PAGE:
To those of you in permanent posts, who never have to face this possibility, I'm very pleased for you. To those of you having babies and enjoying family life and looking forward to returning to work in the future, congratulations on your new arrival. To those of you, like me, still trying to secure a permanent position, where you might enjoy the same employment rights that others do, good luck.
     
  9. frustum

    frustum Established commenter

    I agree that is very frustrating, but there isn't an easy solution to reconciling the woman's right to return when she chooses (and in some cases, like the poster above, they actually started ML at the start of the previous summer holiday, so have to return at the start of the next) with the rights of the temporary teacher. There are a few schools who find the money to pay both for the summer. (Interestingly, this is effectively what happens in industry, as both employees accrue holiday, although of course that probably isn't six weeks each.)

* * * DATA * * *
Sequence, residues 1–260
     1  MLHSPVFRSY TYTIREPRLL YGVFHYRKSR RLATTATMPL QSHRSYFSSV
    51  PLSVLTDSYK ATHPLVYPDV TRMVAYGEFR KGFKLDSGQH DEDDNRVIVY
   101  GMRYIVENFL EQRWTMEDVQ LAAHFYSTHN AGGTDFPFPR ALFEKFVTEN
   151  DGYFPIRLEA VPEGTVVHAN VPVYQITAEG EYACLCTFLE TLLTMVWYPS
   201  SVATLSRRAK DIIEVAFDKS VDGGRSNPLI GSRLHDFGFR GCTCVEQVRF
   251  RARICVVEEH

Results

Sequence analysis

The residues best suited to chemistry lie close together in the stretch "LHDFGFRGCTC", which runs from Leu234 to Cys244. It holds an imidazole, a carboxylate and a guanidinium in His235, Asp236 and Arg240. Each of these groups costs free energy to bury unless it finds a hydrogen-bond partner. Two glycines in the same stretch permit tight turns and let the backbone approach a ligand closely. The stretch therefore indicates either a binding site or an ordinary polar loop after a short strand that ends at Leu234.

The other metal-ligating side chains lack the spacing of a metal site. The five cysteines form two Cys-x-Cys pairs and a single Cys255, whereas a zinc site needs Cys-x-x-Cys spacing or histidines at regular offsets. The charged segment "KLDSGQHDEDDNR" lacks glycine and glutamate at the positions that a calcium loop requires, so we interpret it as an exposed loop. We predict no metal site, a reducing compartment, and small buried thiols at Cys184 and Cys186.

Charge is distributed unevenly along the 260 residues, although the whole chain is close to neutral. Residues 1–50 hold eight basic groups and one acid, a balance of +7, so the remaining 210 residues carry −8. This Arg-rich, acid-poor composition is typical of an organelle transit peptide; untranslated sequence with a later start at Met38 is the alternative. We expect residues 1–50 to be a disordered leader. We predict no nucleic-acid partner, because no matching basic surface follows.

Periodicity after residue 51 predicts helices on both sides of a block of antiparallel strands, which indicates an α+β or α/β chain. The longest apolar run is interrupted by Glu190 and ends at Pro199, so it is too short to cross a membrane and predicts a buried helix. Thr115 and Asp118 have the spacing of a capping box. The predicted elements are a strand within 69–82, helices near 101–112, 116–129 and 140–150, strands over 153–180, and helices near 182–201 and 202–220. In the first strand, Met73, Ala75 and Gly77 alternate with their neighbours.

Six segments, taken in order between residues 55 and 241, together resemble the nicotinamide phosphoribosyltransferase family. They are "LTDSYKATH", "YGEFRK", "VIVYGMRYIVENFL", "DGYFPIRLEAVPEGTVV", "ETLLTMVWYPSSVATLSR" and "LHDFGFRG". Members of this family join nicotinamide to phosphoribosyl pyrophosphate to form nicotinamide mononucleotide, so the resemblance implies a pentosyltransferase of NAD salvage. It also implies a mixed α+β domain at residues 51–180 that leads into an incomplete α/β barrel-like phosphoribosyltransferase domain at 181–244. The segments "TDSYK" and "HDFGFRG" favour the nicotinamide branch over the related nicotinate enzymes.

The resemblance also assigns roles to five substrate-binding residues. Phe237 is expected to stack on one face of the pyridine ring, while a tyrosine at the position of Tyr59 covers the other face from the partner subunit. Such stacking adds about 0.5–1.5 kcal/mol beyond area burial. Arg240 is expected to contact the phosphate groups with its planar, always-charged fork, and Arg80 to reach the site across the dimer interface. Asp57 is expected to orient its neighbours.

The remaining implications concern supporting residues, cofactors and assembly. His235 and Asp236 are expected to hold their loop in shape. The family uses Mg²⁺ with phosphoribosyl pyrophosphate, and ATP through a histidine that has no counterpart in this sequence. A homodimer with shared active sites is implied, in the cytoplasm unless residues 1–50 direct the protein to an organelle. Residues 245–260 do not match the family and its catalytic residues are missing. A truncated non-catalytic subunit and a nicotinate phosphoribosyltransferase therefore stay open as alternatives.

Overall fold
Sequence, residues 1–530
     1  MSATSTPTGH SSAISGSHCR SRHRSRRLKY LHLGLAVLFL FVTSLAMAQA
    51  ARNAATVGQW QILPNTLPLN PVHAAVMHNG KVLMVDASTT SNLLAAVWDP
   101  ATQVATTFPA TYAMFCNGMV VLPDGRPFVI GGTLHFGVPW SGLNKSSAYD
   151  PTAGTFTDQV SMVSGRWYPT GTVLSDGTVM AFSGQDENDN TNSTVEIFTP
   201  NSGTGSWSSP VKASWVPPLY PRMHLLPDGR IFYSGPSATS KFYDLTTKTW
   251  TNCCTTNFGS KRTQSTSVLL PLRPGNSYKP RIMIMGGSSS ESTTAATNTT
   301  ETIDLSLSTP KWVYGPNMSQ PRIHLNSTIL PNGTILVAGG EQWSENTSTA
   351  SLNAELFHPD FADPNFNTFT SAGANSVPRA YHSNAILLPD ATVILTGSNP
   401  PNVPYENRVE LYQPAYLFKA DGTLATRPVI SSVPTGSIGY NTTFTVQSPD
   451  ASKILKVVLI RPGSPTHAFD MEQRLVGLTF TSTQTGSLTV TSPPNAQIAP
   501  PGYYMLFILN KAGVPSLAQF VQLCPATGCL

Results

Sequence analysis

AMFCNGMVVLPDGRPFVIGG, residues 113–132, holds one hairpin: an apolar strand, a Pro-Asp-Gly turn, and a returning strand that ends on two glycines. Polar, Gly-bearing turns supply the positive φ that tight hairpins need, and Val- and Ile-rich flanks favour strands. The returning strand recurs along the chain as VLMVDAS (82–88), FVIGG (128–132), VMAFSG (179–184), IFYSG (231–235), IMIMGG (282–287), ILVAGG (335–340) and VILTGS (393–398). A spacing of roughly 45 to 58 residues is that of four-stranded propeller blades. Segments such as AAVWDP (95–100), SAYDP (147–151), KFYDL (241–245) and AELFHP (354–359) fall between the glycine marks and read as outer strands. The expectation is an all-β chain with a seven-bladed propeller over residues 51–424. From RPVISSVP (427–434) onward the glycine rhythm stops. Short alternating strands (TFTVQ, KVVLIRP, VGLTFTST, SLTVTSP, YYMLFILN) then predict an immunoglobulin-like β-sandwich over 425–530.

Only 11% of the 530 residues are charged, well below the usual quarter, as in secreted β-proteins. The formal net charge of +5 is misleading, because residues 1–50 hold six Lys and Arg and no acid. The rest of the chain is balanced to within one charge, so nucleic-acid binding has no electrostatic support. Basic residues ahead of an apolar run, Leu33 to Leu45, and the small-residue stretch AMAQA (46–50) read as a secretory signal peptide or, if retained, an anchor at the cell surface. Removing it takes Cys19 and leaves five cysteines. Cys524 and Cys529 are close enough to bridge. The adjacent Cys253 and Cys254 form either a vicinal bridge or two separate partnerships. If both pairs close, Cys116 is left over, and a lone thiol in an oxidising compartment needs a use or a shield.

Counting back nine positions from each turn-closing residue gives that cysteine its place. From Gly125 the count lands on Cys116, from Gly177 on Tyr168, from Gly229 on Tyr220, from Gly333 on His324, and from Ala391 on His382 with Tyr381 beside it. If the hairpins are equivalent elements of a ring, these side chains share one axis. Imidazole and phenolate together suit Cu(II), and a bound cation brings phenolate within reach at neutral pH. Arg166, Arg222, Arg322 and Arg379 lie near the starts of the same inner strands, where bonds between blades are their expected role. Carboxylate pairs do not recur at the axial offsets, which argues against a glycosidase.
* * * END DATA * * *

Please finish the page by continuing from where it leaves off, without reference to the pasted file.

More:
Anyway, it appears that some maternity contracts, at least, have shorter notice periods. You could always check this out when you apply for a job: you could accept it "subject to seeing and agreeing to the contract", and then if it doesn't have a shorter notice period, try to negotiate one.
    Some people negotiate daily supply rate for the summer term, which has the effect of building in some holiday pay to your earnings during the term. There are disadvantages to this, such as entitlement to sick pay.

    In at least one country, newly qualified teachers spend their first 2/3 years being allocated to cover maternity leaves in their region, before getting to apply for permanent posts. I guess it means everyone knows where they are, and new teachers get a range of experience. It must be a pain for mature entrants though: having no choice in where you work is one thing at 22, and another when you've got partner, children and mortgage.